Dec. 21, 2010
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By John Denton
ORLANDO, Fla. (UCFAthletics.com) - The 2010 season was filled with both the ultimate compliments and times of frustration for UCF standout cornerback Josh Robinson.
A season after leading all freshmen in the nation in interceptions (six) and earning Freshman All-American honors, Robinson seemed to be a nonfactor for the Knights for long stretches of time. But his interception total plunged from six to two this season, in large part, because he was so good and his reputation as a shutdown corner preceded him.
Quarterbacks not only avoided throwing to Robinson's side of the field, but often didn't even look his way because of his ability to smother receivers and close distances with his cat-quick reflexes. For a cornerback, not getting thrown at is the ultimate compliment, but it can also be frustrating at times too, especially for a playmaker as competitive as Robinson.
``I don't know why teams did that, but I want them to come at me to show that I am what they say I am,'' Robinson said. ``Can I really stop the good receivers? Can I really stop this and that?''
All of the inactivity changed in the Conference USA title game when SMU's high-flying passing attack went right at Robinson to see if he truly was an elite cornerback. And the Mustangs paid a dear price as UCF's 5-foot-10, 197-pound sophomore cornerback played the game of his football life. Robinson registered seven tackles, broke up two deep would-be touchdown passes and registered an interception that stopped a drive just after halftime. His play was a big reason why UCF won 17-7 while holding the Mustangs to the fewest points ever in a C-USA title game.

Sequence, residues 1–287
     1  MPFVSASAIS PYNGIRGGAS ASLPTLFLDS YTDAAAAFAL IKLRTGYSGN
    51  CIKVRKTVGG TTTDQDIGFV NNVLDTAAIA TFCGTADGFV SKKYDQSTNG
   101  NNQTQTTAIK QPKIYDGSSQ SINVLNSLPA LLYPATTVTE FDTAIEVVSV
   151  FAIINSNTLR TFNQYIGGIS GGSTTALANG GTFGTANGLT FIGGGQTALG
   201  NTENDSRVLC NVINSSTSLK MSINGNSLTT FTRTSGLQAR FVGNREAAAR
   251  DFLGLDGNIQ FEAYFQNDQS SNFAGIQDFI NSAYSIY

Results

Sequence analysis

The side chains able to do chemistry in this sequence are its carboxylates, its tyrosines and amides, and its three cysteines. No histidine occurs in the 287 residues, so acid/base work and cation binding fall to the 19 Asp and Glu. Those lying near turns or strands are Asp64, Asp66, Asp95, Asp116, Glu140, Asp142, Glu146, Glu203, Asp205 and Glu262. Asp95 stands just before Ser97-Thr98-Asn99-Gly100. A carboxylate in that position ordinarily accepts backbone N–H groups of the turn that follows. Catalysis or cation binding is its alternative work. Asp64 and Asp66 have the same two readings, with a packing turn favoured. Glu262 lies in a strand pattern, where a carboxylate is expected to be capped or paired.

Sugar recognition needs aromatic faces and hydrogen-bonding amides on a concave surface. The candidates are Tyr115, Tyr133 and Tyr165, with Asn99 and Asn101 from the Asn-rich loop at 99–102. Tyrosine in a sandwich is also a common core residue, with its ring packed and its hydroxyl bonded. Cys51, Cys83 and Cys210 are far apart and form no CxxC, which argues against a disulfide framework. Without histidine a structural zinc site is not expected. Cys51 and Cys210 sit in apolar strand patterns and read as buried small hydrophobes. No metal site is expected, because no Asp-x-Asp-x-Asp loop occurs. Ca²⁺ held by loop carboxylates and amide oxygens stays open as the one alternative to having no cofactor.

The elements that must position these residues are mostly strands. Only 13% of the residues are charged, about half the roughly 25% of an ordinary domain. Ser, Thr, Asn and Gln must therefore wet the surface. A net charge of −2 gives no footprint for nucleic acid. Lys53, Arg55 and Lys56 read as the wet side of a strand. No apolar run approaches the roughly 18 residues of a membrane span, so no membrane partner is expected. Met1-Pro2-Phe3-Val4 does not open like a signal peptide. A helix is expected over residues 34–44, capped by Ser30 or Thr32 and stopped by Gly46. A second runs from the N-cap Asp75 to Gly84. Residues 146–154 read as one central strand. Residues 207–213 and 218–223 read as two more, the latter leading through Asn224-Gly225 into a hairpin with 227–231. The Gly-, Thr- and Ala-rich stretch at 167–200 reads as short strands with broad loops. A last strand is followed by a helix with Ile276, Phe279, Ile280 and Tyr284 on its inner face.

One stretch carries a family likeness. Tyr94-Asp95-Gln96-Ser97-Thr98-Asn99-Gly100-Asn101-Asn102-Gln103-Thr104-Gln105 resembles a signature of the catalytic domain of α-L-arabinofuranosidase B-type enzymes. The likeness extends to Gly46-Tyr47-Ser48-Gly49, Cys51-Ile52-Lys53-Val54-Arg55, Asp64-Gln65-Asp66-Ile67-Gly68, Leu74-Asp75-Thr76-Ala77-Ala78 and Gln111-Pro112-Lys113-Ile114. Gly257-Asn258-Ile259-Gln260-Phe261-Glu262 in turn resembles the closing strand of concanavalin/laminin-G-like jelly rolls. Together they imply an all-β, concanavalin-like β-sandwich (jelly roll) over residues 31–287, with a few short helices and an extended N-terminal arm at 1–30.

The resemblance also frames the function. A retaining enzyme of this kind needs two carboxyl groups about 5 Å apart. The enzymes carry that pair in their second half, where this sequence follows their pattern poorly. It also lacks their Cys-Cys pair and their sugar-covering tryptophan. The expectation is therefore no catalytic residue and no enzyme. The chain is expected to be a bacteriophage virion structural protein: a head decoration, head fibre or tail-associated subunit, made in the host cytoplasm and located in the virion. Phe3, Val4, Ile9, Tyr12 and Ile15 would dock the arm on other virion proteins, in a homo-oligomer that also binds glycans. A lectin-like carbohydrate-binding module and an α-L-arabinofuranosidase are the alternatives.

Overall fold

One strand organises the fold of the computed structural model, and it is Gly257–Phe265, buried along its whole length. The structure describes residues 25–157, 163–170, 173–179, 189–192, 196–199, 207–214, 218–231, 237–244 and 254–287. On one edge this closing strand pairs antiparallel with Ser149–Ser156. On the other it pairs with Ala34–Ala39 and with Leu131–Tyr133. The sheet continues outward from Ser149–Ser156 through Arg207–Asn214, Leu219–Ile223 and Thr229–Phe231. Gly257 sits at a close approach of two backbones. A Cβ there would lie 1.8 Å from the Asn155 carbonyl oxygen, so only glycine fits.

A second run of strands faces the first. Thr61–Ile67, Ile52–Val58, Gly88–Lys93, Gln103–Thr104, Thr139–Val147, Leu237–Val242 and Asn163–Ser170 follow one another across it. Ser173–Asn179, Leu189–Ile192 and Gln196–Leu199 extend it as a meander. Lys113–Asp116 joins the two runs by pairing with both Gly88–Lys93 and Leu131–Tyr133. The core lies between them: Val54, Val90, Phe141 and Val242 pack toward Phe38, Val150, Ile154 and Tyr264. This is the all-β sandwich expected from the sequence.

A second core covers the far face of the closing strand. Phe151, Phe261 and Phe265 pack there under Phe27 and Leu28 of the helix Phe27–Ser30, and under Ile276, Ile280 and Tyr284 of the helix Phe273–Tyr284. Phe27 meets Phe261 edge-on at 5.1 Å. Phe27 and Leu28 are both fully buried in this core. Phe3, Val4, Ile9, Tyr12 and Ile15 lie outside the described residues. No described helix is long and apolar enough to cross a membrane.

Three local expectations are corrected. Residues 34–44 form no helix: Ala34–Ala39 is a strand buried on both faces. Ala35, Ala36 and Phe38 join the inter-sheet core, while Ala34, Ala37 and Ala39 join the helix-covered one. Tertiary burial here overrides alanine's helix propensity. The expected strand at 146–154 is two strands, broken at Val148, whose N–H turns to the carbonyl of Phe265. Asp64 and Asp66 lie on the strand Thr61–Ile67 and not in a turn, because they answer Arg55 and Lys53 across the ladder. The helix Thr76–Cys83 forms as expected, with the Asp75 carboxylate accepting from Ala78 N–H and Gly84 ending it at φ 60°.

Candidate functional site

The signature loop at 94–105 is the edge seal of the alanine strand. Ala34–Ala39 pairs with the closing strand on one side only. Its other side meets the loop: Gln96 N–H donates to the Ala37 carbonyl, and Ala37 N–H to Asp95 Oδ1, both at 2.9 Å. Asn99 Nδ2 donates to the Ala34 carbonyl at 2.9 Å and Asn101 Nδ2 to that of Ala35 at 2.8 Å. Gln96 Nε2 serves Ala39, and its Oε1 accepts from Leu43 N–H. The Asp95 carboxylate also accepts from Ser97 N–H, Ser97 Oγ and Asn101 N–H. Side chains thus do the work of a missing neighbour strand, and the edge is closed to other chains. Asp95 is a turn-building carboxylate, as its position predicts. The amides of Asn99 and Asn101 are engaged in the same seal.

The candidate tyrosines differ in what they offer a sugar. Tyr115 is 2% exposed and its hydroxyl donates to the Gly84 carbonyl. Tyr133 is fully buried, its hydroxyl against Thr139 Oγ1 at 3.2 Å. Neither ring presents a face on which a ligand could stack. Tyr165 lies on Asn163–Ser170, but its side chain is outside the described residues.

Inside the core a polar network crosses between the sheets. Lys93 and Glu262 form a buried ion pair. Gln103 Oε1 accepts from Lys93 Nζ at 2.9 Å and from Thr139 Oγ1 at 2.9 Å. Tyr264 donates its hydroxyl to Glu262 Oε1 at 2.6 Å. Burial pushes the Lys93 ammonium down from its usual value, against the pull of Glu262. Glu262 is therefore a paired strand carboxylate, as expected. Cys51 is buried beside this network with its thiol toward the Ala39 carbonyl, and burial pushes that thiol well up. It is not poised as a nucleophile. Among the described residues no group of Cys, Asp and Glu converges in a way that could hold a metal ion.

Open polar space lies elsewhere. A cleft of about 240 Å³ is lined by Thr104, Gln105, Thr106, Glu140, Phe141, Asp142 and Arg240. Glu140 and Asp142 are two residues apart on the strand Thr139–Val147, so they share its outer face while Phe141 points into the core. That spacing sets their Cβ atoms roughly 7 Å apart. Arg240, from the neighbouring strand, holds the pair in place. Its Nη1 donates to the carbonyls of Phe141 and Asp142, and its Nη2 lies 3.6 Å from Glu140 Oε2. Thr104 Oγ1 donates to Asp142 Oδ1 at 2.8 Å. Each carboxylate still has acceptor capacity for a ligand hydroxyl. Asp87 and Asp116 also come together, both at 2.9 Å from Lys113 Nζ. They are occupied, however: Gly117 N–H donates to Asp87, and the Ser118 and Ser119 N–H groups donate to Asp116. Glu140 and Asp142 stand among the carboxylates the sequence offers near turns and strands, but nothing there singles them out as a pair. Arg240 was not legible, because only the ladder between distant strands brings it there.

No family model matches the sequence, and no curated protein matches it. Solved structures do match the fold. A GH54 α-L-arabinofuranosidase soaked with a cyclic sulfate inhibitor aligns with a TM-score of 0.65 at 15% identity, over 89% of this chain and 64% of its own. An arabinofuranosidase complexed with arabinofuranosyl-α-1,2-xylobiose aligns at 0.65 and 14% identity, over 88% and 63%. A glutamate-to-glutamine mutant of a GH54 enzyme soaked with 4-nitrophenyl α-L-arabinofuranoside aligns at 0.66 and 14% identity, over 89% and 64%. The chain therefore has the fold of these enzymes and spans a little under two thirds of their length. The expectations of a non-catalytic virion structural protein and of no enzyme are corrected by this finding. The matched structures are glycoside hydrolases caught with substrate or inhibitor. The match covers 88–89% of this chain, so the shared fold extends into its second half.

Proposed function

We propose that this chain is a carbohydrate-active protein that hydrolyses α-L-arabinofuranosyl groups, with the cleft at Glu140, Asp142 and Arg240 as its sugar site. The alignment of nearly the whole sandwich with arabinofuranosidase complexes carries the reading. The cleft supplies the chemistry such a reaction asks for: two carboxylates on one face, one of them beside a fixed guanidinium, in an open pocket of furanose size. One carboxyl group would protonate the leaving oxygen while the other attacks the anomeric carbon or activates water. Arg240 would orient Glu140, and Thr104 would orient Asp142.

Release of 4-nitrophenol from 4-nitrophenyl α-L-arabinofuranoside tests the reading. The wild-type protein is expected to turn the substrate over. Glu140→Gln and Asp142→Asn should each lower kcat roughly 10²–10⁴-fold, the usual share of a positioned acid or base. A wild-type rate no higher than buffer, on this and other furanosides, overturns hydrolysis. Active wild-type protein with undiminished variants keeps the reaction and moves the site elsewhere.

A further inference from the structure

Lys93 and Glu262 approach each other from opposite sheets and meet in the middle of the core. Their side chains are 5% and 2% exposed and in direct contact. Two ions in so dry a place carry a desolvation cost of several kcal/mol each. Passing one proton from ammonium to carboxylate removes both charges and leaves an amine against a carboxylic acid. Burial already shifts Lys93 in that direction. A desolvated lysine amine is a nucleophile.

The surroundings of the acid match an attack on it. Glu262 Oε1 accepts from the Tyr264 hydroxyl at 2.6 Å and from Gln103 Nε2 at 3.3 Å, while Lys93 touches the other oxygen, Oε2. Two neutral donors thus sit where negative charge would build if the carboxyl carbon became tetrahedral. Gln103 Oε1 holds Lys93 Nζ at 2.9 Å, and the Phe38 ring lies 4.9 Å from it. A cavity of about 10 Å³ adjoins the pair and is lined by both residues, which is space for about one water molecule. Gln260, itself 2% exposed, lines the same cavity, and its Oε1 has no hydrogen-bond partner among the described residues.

Getting challenged the way that Robinson did was good prep work for what he will likely see when the Knights (10-3) face superstar wide out A.J. Green and Georgia (6-6) in the AutoZone Liberty Bowl on Dec. 31 in Memphis. Green, a 6-foot-4, 212-pounder, is considered to be one of the best wide receivers in the country and will likely be a top pick in the spring NFL Draft. So Robinson knows he won't have to worry about quarterbacks shying away from challenging him on Dec. 31 when he's lined up across from Green.
``I think Georgia will test me and make me show that I can defend the deep ball. They will try and see if (the C-USA title game performance) was just a fluke or not,'' Robinson said. ``(Green) is a great receiver with great hands and he runs good routes. He's just got that playmaking ability. Like a lot of players I know he's a great talent, but I'll be ready for the challenge. I'm working hard to be ready for it. I want the challenge and I accept it.''
The Knights are back at practice, working twice a day with walk-through sessions in the morning and practice in the afternoons. UCF will practice until Thursday, take two days off for Christmas, practice again on Sunday and then fly to Memphis on Dec. 27.
Head coach George O'Leary said the matchup against a traditional Southeastern Conference foe in Georgia has helped to focus his team in prep work. The Knights are competing in their fourth bowl and are still looking for the first bowl win in school history.
``We got finals all done and they should be very focused right now,'' O'Leary said. ``We'll get all of our work in. The big thing is making sure that they stay focused. You've got time, but you have to temper it as far as getting your work done and finding out about your younger players for the future.''